Aluminum Tariff Supported by Commerce Department

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The U.S. Commerce Department on Friday recommended that President Donald Trump impose a range of tariffs and quotas on imported aluminum and steel.

This story by Joe Deaux and Andrew Mayeda appeared in Automotive News.

In a briefing with reporters over the results of his department’s investigation, Commerce Secretary Wilbur Ross proposed a 24 percent global tariff on steel shipments coming into the U.S. and a 7.7 percent duty on aluminum imports. Trump has the latitude to choose between these types of options or even enter talks with producers to find solutions.

Shares in Ford Motor Co. and General Motors fell on the news. GM dropped 1.8 percent to close at $41.09 while Ford slipped 1.4 percent to $10.61.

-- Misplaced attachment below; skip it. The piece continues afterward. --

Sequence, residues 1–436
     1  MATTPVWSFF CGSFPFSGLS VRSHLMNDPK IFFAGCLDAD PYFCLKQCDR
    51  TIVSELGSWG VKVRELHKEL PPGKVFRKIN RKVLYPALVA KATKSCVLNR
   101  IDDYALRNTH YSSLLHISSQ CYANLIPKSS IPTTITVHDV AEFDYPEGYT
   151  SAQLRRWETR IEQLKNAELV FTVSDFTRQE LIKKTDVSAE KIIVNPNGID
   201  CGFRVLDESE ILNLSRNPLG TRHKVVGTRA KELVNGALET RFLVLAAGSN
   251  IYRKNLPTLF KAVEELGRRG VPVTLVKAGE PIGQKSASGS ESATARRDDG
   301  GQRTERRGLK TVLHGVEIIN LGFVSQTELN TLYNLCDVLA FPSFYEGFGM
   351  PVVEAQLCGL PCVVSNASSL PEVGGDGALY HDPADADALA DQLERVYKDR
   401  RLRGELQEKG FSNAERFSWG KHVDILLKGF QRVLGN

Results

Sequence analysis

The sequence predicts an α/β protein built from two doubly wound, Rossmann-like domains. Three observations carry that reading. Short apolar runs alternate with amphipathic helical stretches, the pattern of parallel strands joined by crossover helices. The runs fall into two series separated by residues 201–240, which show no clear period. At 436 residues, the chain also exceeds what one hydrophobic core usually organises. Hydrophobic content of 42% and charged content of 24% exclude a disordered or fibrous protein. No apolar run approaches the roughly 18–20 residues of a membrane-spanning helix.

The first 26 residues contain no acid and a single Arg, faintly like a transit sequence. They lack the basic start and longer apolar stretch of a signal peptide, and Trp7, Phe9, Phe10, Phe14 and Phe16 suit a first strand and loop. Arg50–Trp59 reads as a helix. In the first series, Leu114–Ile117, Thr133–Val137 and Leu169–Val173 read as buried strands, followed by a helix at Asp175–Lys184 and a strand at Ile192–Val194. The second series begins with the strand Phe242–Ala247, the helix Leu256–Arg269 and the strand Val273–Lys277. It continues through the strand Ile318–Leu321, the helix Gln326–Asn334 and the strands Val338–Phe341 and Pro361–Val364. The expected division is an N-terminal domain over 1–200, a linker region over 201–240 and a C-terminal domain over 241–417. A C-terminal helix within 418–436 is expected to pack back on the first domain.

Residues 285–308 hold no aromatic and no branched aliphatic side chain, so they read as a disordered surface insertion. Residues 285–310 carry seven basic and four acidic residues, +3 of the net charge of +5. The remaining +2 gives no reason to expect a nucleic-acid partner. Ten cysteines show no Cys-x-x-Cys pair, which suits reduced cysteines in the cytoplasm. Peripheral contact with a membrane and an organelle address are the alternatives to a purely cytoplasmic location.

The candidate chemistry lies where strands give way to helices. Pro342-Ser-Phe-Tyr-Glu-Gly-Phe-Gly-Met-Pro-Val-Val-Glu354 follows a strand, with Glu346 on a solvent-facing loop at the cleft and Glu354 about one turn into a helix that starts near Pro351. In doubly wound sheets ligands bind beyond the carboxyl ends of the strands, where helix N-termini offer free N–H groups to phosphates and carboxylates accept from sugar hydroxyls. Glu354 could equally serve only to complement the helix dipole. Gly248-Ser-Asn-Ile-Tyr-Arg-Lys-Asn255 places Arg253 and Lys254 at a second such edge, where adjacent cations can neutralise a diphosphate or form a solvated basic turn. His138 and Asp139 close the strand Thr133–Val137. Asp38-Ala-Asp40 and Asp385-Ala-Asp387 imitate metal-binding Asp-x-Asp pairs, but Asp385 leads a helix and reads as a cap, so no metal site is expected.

Expectations for pricier raw materials contributed to Ford’s forecast in January that profit will decline this year. The automaker made a big bet a few years ago on aluminum by choosing to use the lighter-weight metal for the bodies of its lucrative F-series pickups and biggest SUVs. GM has projected 2018 adjusted earnings per share will be in line with last year’s result.

Trump instructed the Commerce Department last year to probe whether imports of steel and aluminum represent a threat to U.S. national security. The investigation took place under the seldom-used Section 232 of the Trade Expansion Act of 1962. Ross last month submitted his department’s final reports to Trump on steel and aluminum. The president now has until about mid-April to decide on any potential action.

Imposing tariffs on such widely used commodities may trigger retaliatory measures from China, the world’s biggest producer of steel and aluminum. It could also inflate manufacturing and consumer prices in the U.S., and inflame tensions with allies such as Japan, India, Germany and Canada. Group of 20 economies have pushed back against the threat of steel tariffs, warning that such a move could set off a trade war.

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